Cold Springs School (2)

The city hopes to take ownership of the Cold Springs School.

The Highland Rim Historical Society is one step closer to conveying the ownership of Cold Springs School to the City of Portland.

HRHS is no longer able to maintain and ensure the preservation of Cold Springs School and voted at its March 21 meeting to convey the school with the city's approval. The city council voted on July 1 on first approval to accept ownership of the school which sits on city property at Richland Park.

Under the agreement the HRHS will continue to be responsible for the maintenance of the historical content of the building, provide volunteers to open the building to the public at various times, keep historical information up to date, promote the school and its history, and provide society members on a joint board with the city.

The city will be responsible for the maintenance of the school and grounds, supervision and prosecution of acts of vandalism, and provide members from the city to be on a joint board with HRHS. In addition, the agreement states that the school will be for historical purposes only.

HRHS member and Vice-Mayor John Kerley said, “All members of HRHS are grateful to the city for being willing to accept the conveyance and trust of preservation of Cold Springs School.”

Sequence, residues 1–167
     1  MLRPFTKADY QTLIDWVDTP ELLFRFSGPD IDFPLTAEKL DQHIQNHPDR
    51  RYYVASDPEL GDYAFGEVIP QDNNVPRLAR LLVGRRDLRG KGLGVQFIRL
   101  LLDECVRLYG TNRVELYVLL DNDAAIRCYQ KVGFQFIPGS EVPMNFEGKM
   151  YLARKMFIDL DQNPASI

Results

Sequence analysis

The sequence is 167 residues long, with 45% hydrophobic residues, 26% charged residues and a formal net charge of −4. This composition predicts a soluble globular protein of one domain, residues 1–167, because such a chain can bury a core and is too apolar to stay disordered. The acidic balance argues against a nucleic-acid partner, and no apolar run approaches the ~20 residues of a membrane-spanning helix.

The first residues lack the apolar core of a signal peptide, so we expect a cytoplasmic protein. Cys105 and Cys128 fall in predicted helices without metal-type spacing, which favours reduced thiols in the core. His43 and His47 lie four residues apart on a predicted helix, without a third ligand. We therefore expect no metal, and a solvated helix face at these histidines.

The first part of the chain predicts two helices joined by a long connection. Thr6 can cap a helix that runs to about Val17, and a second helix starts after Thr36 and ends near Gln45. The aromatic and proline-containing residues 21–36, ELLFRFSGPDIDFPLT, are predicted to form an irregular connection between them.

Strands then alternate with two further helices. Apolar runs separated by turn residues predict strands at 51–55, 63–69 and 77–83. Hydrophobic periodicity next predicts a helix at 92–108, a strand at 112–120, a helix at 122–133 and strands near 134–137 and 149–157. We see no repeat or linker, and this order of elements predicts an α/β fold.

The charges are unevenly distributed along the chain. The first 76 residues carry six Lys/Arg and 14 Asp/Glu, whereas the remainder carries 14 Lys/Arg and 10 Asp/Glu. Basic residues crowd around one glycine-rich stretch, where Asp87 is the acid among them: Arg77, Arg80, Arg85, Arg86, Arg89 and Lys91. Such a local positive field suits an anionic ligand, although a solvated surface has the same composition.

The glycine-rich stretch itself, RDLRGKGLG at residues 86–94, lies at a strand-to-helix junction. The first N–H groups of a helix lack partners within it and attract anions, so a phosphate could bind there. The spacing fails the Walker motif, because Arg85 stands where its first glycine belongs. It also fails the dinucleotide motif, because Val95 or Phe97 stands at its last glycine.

Cold Springs is believed to be the oldest historic structure in northern Sumner County and is full of history for the Portland community. It was built on the Thomas Baskerville farm near the cold springs on the farm near Mitchellville. During the Civil War the grounds around the school became Camp Trousdale, a training camp for Confederate soldiers. The building became a camp hospital where Portland’s Dr. William P. Moore, Sr. donated his time treating the soldiers.

The Portland Church of Christ was established at the school in 1866-67 when David Lipscomb held a series of meetings at the school building. Mitchellville Missionary Baptist Church held services at the school in the same era.

James and Judy McGlothlin and William and Penny McGlothlin transferred the title to the structure to the Highland Rim Historical Society to maintain as a lasting legacy to the past. Former student Howard McDowell led the effort to move the school to Richland Park and the restoration of the building. The restoration of the school became a part of the city’s Bicentennial Community Program during 1975-1977.

HRHS received grant money during this time from the American Revolution Bicentennial Administration and the Tennessee American Revolution Bicentennial Commission.

The society and the city have worked together providing the upkeep and maintenance of the interior and exterior and the historic items since the opening and dedication of Cold Spring School on Friday, May 14, 1976.

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